What to do if the outdoor fireplace listed on the description but not added on the purchase agreement?

UPDATED: Oct 1, 2022

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What to do if the outdoor fireplace listed on the description but not added on the purchase agreement?

We sold our house and I took the portable fireplace that was on the deck. It was listed on the description of the home when listed, however it was not added to the purchase agreement like the range, microwave, refrigerator, dishwasher, washer and dryer was. Now the buyer wants the fire place and said I have 7 days to return it or she will seek legal counsel. I guess the real question is do i have to give it to her?

Asked on April 30, 2019 under Real Estate Law, Ohio


SJZ, Member, New York Bar / FreeAdvice Contributing Attorney

Answered 3 years ago | Contributor

No, you don't, since it was not in the contract/purchase agreement. People are not just held to the agreements they sign, they are presumed by the law to have read, understood and (if they sign them) agreed to them. The buyer could have objected to this prior to signing the agreement and insisted that the fire pit be added to the agreement; having failed to do so, he is held to the agreement he signed, which overrules or supercedes any prior marketing materials, discussions, etc.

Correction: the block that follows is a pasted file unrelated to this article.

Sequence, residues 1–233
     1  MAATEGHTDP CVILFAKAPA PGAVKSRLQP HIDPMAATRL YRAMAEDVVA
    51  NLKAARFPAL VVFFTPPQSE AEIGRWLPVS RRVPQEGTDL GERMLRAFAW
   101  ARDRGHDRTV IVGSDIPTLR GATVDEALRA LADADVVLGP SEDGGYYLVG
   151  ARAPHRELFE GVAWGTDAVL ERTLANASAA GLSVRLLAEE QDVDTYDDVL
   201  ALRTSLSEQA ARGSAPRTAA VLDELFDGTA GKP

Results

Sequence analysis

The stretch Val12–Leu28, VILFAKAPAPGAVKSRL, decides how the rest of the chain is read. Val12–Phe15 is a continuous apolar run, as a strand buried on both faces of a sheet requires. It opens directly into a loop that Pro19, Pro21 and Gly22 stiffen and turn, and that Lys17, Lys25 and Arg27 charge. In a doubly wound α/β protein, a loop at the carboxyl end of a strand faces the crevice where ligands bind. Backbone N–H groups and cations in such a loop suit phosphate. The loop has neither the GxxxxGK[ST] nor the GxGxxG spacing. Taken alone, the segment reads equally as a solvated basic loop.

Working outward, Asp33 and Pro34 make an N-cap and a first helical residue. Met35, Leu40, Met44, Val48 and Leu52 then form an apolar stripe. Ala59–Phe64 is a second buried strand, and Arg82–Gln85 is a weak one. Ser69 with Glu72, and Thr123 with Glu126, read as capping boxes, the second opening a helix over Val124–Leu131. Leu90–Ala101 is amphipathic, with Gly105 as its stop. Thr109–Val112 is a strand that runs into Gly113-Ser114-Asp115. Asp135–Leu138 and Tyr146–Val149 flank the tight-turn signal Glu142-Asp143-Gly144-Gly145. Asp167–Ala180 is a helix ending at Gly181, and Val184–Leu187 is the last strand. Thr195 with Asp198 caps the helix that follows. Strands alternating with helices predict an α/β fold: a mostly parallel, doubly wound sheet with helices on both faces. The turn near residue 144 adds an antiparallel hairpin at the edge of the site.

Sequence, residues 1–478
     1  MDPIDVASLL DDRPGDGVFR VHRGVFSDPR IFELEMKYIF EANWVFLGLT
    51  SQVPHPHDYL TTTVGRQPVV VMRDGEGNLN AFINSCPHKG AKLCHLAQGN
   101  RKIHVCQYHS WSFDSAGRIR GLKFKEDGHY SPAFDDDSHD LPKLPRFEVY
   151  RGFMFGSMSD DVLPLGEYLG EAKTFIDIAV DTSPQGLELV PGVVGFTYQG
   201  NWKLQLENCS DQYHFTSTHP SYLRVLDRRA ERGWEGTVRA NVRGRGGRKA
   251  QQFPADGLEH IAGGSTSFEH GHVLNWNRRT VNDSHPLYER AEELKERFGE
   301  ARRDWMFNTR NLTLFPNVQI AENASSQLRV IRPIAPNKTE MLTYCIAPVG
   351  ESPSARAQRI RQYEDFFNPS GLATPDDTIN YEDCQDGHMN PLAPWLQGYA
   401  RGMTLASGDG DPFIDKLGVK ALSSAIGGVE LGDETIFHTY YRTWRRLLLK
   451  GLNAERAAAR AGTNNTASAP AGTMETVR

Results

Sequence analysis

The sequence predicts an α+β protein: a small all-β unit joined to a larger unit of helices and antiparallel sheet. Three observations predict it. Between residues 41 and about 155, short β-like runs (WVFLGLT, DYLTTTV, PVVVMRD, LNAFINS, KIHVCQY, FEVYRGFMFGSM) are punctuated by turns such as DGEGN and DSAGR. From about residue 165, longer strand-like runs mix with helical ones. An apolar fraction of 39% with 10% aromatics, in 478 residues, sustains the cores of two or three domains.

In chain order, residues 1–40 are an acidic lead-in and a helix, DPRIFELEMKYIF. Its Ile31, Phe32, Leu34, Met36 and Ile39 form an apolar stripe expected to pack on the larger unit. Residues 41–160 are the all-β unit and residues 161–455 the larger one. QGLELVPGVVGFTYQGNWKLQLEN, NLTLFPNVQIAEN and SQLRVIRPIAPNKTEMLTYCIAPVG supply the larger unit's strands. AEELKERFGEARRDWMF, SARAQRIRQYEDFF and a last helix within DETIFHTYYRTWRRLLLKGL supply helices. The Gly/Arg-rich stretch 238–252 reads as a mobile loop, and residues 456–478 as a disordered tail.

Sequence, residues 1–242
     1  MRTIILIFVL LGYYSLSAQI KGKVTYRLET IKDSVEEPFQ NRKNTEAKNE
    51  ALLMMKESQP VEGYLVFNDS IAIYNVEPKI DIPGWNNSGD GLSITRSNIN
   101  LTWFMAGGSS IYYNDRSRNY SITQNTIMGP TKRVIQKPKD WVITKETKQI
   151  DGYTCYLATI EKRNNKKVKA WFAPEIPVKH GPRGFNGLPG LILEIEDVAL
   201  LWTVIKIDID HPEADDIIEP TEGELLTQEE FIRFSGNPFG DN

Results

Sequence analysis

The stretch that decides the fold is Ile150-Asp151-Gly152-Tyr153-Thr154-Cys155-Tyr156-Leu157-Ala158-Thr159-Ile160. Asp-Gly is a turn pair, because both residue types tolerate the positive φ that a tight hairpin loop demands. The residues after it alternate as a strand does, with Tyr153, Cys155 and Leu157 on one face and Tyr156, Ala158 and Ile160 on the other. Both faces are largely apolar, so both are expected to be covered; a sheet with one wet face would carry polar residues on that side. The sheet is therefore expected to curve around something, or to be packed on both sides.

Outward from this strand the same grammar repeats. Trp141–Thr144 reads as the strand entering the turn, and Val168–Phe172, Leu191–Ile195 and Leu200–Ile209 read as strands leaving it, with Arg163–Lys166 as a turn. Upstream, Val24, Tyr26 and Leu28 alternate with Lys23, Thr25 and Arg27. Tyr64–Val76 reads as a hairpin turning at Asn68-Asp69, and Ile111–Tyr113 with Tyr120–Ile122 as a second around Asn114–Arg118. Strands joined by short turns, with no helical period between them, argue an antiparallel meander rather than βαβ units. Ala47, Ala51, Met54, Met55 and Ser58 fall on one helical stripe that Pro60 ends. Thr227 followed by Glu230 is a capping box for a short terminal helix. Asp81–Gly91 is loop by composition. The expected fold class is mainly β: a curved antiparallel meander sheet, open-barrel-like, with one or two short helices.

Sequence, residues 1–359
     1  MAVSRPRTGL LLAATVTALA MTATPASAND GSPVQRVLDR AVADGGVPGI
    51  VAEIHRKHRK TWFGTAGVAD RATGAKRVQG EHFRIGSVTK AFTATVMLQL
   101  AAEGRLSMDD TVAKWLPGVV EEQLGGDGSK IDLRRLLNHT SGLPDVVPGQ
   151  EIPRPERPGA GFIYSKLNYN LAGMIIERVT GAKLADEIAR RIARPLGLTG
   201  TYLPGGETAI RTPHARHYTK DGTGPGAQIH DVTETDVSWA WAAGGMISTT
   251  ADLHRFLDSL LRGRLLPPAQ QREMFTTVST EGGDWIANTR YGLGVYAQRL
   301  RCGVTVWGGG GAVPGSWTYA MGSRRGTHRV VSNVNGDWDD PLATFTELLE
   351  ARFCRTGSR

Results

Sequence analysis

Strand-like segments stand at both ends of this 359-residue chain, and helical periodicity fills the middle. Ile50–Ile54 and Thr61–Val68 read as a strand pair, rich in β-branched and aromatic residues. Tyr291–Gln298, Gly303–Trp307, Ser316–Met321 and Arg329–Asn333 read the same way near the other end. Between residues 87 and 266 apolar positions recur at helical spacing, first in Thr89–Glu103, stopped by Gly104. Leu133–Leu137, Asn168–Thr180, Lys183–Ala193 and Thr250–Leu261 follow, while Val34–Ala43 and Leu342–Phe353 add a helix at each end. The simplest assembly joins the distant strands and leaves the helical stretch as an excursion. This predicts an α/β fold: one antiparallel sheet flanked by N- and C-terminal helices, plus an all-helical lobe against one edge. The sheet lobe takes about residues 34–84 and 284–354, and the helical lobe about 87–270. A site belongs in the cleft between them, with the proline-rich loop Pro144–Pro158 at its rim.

That's the law. Bear in mind, however, that courts do not pre-screen lawsuits to make sure that the person filing them will win; therefore, he can file this lawsuit and force you to spend time, money (if you hire an attorney), etc. responding to it. If you believe he will file the case, you may be best off giving him the fire pit.

IMPORTANT NOTICE: The Answer(s) provided above are for general information only. The attorney providing the answer was not serving as the attorney for the person submitting the question or in any attorney-client relationship with such person. Laws may vary from state to state, and sometimes change. Tiny variations in the facts, or a fact not set forth in a question, often can change a legal outcome or an attorney's conclusion. Although AttorneyPages.com has verified the attorney was admitted to practice law in at least one jurisdiction, he or she may not be authorized to practice law in the jurisdiction referred to in the question, nor is he or she necessarily experienced in the area of the law involved. Unlike the information in the Answer(s) above, upon which you should NOT rely, for personal advice you can rely upon we suggest you retain an attorney to represent you.

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